What is the working title of your book?
Iím calling it The Earth is all that Lasts
Where did the idea come from?
I think the seed of the idea germinated while I was reading James Fennimore Cooperís The Deerslayer. I have always been fascinated and in love with Native American culture, history and myth, and especially how that culture was changed by the incursion of the Europeans. After I read Deerslayer I began to wonder why there arenít more books like this, books about the frontier that respect native culture, books that a boy like I was could fall in love with. I began to think about Indians and asking them to appear to me in some way that I could understand so that maybe a story would emerge. And it did.
What genre does your book fall under?
Probably literary fiction, but perhaps young adult. I was thinking about writing a YA novel from the get go.
Which actors would you choose to play your characters in a movie rendition?
I prefer not to color the readerís (or my own) portraits of my characters ahead of time by associating them with famous faces. I like to keep my characters blurry.
What is the one-sentence synopsis of your book?
With just an old family bible to guide him, a white boy raised by Sioux Indians embarks upon a quest to find his origins and discover his name across Wyoming, Nebraska and Kansas in 1872.
How long did it take you to write the first draft of your manuscript?
The first draft took about fourteen months. But I had already written the first 1000 words on Twitter as a writing exercise and there was a gap of almost a year between that and the actual long-hand draft.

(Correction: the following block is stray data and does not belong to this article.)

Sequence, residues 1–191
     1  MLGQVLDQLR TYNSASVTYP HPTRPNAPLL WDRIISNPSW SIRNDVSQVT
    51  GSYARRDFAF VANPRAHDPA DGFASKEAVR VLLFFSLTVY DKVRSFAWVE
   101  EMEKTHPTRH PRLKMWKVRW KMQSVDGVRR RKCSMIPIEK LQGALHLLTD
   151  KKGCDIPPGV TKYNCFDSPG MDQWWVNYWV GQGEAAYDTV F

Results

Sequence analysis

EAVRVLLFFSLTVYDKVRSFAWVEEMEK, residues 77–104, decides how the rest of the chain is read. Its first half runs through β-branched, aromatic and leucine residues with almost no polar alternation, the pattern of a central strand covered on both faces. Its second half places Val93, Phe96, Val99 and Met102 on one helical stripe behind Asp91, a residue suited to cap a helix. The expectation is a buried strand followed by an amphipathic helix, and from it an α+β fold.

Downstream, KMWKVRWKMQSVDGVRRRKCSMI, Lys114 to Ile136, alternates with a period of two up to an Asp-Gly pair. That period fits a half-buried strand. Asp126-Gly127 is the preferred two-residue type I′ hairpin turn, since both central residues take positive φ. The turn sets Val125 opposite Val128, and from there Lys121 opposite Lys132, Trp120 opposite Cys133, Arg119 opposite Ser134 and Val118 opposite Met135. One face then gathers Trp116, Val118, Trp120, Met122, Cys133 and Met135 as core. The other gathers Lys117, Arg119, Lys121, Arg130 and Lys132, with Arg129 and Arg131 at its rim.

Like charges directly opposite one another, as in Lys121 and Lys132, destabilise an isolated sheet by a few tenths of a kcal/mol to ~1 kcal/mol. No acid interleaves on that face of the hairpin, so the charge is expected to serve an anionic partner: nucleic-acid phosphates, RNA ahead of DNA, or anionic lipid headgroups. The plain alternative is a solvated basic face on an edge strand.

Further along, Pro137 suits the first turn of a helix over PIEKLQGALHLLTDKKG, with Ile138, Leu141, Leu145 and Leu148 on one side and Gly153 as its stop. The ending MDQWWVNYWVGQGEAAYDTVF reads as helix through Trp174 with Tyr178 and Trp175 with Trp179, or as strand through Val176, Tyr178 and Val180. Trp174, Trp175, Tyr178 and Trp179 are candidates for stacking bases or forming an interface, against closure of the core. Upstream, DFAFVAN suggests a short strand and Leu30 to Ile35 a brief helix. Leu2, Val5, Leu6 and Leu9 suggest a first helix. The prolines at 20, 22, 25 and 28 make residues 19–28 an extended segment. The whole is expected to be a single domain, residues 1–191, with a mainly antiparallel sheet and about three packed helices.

What other books would you compare this story to within your genre?
I think the book that comes closest is Cormac McCarthyís The Crossing. Part of the inspiration came from my dear friend Andrew Wilson, a writer, who, upon reading a few pages said ďItís Cormac McCarthy for boys. Thatís what Iím going for. But The Earth is all that Lasts is a classic heroís quest in the mold of Joseph Campbell. So in that way I could compare the book to hundreds of such stories from The Odyssey to Cold Mountain.
Who or What inspired you to write this book?
Well, a big part of it was Fennimore-Cooper. I love his Natty Bumpo, his transformation to Deerslayer and then to Hawkeye. My main character, the young scout Hawthorn, was created very much with Hawkeye in mind. In fact, until I wrote that last sentence I never saw the phonetic connection between the two names. Fascinating. The subconscious mind is amazing. All these things swirl and swirl and some of them coalesce. Itís like making planets from stars.
What else about your book might pique the readerís interest?
Hawthorn, though genetically white, is spiritually an Indian. His Sioux father is a great warrior and holy man called Old Rainbow who raised Hawthorn as his own son, with no prejudice. Hawthorn is not just an accomplished warrior, heís also a Wolf Dreamer, which is a sort of prophet and a very exalted role in the tribe. A central theme is identity of course, but at the core of story is a struggle between two world views Ė that of Manifest Destiny and the subjugation that that entails and the ecological humility harmony represented by Native cultures. All this is set against the backdrop of a post-Civil War America. So itís historical and there are elements of a Western, but itís also a story about the meaning of family.
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